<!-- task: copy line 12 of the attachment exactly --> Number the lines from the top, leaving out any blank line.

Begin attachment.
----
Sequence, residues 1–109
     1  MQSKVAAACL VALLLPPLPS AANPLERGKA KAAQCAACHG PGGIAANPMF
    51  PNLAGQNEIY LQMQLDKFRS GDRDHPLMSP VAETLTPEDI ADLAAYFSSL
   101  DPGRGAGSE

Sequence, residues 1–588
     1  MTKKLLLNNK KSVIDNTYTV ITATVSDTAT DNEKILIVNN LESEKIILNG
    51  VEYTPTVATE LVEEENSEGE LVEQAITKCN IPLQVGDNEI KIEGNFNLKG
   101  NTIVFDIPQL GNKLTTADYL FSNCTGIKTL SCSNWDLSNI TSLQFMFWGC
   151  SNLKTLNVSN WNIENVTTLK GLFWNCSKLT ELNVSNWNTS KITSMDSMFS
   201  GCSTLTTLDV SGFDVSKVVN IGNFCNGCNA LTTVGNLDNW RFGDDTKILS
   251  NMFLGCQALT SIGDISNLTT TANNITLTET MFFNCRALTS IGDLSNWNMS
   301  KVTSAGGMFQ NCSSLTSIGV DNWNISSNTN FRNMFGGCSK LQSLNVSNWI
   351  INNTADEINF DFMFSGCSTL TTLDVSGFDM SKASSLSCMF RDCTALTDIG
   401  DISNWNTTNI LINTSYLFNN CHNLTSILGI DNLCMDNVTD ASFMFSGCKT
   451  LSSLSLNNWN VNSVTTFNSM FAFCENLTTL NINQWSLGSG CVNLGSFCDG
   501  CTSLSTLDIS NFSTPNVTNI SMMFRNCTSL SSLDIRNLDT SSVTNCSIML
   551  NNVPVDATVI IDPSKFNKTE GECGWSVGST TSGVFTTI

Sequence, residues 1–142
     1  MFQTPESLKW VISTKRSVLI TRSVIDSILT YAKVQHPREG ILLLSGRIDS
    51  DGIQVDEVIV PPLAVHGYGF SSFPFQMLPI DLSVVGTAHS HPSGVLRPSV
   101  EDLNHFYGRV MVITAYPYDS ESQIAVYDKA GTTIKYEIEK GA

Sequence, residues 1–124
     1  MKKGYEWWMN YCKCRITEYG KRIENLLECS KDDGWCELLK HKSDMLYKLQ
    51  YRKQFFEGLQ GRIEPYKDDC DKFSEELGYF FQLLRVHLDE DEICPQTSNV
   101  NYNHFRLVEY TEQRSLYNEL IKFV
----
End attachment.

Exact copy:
   301  KVTSAGGMFQ NCSSLTSIGV DNWNISSNTN FRNMFGGCSK LQSLNVSNWI